Multistakeholders’ Common Responsibility for Smallholders

Global demand for crude palm oil has increased to meet the need for alternative energy, food, and even cosmetics. UK-based media mentioned that 40-50 percent of food and domestic products in the western world is derived from palm oil.

Unfortunately, public has stigmatized palm oil as the major driver of deforestation, climate change and extinction of thousands of animal species due to massive conversion from forested areas to palm oil plantation. Such an opinion is due to the methods of palm oil production that in many cases have fallen short of implementing sustainable principles. On the other hand, the world today has come up with market demand transformation which calls for palm-oil-based products resulted from production that complies with sustainability tenets.

Market demand and sustainability requirement have sparked global polemics involving palm oil global producers and markets. Both market and producer here involve multiactors such as consumers, palm oil estate company, banking sector, government, investors, agents, suppliers, up to the smallholders as the bottom of the supply chain of palm oil.

The market demand for sustainable product has been auspiciously responded positively by at least 365 major companies, including the 25 largest palm oil producers, in the world that committed to comply their supply chain with the NDPE (No Deforestation, No Peatland, No Exploitation) Policy (Chain Action Research, 2017). They sternly cut off suppliers’ supply chain that fails to comply with the NDPE Policy.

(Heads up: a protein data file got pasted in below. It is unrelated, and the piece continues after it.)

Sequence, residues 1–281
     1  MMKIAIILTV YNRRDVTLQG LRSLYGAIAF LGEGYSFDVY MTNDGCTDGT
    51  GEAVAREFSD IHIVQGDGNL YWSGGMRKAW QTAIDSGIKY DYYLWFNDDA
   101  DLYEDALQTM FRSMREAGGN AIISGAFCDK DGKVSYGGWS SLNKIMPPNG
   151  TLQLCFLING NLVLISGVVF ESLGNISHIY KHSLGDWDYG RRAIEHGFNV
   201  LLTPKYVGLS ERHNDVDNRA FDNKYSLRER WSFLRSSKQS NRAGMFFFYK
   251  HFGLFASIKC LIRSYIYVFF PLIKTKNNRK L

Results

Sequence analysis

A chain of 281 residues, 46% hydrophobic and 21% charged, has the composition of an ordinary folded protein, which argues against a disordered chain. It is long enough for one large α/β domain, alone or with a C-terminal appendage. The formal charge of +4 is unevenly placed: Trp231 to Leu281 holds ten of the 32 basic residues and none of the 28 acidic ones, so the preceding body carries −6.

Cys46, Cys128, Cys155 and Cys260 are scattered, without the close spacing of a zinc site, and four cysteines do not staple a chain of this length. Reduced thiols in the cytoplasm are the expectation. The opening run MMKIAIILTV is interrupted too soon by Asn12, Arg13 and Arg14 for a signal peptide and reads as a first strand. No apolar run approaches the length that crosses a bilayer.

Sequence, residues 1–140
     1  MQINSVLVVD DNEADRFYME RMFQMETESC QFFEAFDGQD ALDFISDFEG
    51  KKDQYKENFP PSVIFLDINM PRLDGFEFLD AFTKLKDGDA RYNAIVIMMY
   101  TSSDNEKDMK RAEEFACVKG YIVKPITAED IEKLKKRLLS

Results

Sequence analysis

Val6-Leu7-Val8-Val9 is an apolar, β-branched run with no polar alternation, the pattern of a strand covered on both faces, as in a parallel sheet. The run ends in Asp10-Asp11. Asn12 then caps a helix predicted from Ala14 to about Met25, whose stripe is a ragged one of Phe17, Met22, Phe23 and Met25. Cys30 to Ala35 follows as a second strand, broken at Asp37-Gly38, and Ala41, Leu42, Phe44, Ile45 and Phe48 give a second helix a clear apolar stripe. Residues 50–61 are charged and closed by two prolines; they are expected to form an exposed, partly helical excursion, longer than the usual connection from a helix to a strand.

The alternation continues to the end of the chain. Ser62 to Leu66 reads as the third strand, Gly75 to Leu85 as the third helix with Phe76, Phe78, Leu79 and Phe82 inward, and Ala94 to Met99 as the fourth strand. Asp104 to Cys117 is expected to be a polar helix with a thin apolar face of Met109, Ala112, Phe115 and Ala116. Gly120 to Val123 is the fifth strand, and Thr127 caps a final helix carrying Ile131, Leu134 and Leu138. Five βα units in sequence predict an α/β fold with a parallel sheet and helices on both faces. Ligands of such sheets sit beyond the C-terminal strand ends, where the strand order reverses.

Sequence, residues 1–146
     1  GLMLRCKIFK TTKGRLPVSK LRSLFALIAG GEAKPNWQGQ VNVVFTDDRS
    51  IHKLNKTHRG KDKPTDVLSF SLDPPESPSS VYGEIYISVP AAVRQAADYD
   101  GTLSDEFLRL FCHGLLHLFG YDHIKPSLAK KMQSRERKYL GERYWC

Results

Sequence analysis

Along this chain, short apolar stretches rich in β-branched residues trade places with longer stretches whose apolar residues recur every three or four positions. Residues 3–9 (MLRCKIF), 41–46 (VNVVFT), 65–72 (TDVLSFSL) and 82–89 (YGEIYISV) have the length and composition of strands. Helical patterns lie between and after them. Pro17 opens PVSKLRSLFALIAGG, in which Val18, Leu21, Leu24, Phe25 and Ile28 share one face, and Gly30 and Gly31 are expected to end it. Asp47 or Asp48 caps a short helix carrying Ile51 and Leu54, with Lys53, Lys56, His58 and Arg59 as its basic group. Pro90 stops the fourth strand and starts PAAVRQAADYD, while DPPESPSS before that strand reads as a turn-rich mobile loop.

Policy Implementation

Market demand for sustainability policy also takes place in Indonesia. Pressures from public and consumers are compelling for sustainable palm oil product. However, such pressures are every so often addressed merely to the palm oil producer to take all the burdens and responsibilities. In fact, there are many parties favored by the benefits of palm oil business. Those pleas should have been addressed either to all parties including government, investors, traders, bankers, and smallholders. If only the petition here becomes the sole burden of the producer, the NDPE Policy would hardly be optimally achieved.

Let alone, supply chain in palm oil production also involves many parties. Thus, the logical premise will read that if something goes wrong with the supply chain, it implies that all parties should not have on the right track of sustainability principles. This goes in line with what Rafael Sacks said in the book entitling Construction of Supply Chain Management (O’Brien edt., 2008) as saying that  when the planning is lacking of credibility, then the resource will hardly be credible and thus it creates an unending inconceivable circle.